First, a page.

According to Beyond Blue, 26.4 per cent of Australian males aged 16 to 24 have experienced a mental health disorder in the last 12 months. That means more than one quarter of the entire population of our young men, our sons, are struggling with either anxiety, depression or a series of other issues that severely impact on their lives.
Suicide is the biggest killer of young Australian men and accounts for more deaths than car accidents. Surely something is seriously wrong here.
And yet research collected by Deakin University shows that for males in Australia 11 and 12-years-old is when they are happiest. This is not completely surprising when you think about the lifestyle of a typical 11-year-old boy who goes to school, has little homework and few responsibilities, gets all his food provided, has computer games and mobile devices (most now have a smart phone), goes on play dates, gets tucked into bed at night and has a free 24/7 restaurant at home as well as a taxi service.
In my 15 years working as a general practitioner I was constantly amazed and in fact distressed at how these happy go lucky young boys could turn so rapidly into sullen, shut down, trouble seeking and openly angry teenagers.
In my 20 years working in emergency departments I have also seen way too many of the tragic results when young men self destructed with either drugs, alcohol, cars or violence.
I firmly believe that the issue is not in fact that our teenagers themselves have a problem, the issue is the environment they are living in simply doesn’t work for so many of them.
There is enormous pressure on our teenage boys to conform, to be a certain way and for so many to pretend to be something they are not. We still get fed the story that real men don't cry, drink lots of alcohol, have multiple beautiful girlfriends and love playing football. I have spoken to hundreds of struggling teenagers who tell me they feel lost, unseen for who they are, like they are living behind a mask, and they feel hopeless about the future.
I sold my medical practice in 2000 to devote my time to research and developing programs to support our young men. The conclusion I came to was that they not only need to be seen and accepted for who they actually are, but they also need on a deeper level to transform from basic boy behaviour, which has them at the centre of the universe, taking no responsibility and looking for a mother, to healthy man behaviour where they realise they are part of a community, their actions affect others, they have gifts to contribute to the community and to be able to form healthy and real relationships.
I have spoken to hundreds of struggling teenagers who tell me they feel lost ... like they are living behind a mask
In every indigenous community all around the world a boy would go through a coming of age rite of passage ceremony after he reaches puberty. They did this firstly to acknowledge and celebrate the transition from boy to young man and secondly to recognise and name the unique gifts and talents that are in each of the young men.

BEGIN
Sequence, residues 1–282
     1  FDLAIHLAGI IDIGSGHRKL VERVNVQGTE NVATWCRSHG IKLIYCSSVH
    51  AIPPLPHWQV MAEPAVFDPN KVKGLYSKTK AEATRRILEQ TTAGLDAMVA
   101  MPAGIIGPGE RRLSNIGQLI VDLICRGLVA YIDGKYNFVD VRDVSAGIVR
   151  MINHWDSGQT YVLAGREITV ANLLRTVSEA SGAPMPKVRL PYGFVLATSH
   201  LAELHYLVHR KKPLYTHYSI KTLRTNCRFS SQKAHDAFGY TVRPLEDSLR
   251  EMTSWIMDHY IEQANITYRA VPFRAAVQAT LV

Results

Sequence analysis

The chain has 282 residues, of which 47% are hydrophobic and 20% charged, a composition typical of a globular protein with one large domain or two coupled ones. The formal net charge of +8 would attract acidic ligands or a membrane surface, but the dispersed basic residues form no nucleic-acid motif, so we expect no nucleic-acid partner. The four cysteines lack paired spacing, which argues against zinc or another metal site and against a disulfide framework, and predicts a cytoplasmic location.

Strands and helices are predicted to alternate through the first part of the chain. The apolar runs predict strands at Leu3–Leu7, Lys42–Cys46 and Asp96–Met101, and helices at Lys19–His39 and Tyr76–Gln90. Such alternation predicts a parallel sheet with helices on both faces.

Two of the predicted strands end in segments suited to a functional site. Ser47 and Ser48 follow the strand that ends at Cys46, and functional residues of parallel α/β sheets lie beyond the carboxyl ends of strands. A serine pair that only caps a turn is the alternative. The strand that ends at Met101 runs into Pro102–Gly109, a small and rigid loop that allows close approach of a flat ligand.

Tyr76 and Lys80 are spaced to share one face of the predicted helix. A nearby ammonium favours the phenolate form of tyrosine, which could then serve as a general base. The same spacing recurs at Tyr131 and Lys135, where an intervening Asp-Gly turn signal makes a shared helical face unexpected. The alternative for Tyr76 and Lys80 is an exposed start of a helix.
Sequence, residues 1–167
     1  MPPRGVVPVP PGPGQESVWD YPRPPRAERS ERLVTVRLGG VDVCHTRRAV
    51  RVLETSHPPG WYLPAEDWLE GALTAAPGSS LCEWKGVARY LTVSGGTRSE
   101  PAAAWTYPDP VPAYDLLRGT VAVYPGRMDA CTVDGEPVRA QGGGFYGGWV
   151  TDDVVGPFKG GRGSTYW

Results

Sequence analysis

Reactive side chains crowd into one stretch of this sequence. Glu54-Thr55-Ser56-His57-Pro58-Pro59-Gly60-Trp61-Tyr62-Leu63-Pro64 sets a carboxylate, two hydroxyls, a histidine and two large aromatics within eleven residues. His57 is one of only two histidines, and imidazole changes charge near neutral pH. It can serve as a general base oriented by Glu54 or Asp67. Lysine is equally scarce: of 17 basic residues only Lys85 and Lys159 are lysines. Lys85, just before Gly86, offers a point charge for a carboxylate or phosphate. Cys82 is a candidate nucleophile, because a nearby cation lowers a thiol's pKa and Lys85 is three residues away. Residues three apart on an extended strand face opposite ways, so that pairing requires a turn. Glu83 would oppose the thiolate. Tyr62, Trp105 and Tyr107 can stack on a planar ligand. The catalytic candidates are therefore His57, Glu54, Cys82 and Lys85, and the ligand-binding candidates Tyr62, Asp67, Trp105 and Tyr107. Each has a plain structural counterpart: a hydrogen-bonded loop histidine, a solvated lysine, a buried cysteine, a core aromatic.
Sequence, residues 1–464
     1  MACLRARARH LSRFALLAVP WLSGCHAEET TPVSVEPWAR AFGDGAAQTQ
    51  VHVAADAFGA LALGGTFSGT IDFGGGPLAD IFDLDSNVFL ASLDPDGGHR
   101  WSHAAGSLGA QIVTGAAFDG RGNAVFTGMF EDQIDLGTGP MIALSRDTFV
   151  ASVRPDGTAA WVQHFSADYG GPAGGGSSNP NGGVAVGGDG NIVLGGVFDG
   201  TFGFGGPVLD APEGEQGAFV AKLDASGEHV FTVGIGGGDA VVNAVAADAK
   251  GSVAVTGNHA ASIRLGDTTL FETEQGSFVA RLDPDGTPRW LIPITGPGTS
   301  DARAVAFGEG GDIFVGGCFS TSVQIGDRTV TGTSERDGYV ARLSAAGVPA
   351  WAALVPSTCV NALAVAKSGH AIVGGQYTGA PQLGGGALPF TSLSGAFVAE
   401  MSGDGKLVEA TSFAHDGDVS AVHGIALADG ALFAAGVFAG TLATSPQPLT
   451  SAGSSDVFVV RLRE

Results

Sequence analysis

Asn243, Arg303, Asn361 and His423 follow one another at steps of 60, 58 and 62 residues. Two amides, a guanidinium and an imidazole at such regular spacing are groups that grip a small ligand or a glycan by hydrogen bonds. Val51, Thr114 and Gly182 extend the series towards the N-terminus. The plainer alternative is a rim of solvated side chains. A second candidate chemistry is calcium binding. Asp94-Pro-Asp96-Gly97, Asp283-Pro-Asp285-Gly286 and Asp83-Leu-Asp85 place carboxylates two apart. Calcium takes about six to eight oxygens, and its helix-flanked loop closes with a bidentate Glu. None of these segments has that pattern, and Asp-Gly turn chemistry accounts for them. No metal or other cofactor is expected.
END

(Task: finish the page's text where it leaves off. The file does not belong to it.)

Despite living independently and with no contact with each other, all these communities did similar things. They used stories as a way of passing on wisdom and knowledge, they created appropriate physical challenges for their young men and they recognised each of them for their individual gifts and talents, their genius and spirit.
Our lack of formal rites of passage run by the elders of our communities has meant that generations of young men are learning how to be a man through the media and the internet (porn now being the standard form of sex education ), they are engaging in increasingly dangerous risk taking behaviours and they are feeling unseen and lost.
We have the ability to create contemporary rites of passage where teenage boys can hear the stories of older men, are challenged to think about what sort of men they are going to be and what childish behaviours they need to let go of, and are publically acknowledged for their individual gifts and talents.
Our lack of formal rites of passage run ... has meant that generations of young men are learning how to be a man through the media and the internet
Over 25,000 families have now been involved in some way with these programs in Australia and internationally. Independent research shows that these young men have better relationships with their fathers, more respect for women, a greater desire to continue on to tertiary education and are more likely to get involved in community work.
As a doctor I believe that properly facilitated rites of passage would be a highly effective form of preventative medicine that would significantly impact on levels of depression, anxiety and other mental health conditions in this country and they should become a normal part of our education system.
Dr Arne Rubinstein was a guest on Insight's Boys to Men episode, which asks whether boys need rituals to successfully transition into manhood.